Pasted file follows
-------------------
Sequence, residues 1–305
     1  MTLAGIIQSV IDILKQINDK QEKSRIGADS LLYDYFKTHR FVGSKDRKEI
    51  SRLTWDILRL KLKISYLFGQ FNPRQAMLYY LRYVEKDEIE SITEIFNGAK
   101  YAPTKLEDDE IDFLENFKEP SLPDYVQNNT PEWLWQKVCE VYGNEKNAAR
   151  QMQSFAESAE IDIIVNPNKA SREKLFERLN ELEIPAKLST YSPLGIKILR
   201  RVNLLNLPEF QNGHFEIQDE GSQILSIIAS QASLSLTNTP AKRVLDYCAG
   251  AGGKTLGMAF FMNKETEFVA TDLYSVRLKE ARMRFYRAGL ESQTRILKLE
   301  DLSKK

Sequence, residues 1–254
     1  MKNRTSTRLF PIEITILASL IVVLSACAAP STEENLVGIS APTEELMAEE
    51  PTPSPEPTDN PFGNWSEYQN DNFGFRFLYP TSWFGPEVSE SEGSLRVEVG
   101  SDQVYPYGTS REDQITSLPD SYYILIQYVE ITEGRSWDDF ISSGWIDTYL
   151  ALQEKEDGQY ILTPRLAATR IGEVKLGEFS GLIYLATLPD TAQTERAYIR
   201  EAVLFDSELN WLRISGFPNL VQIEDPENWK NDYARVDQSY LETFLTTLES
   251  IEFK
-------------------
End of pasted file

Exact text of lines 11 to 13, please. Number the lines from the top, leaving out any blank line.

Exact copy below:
    51  PTPSPEPTDN PFGNWSEYQN DNFGFRFLYP TSWFGPEVSE SEGSLRVEVG
   101  SDQVYPYGTS REDQITSLPD SYYILIQYVE ITEGRSWDDF ISSGWIDTYL
   151  ALQEKEDGQY ILTPRLAATR IGEVKLGEFS GLIYLATLPD TAQTERAYIR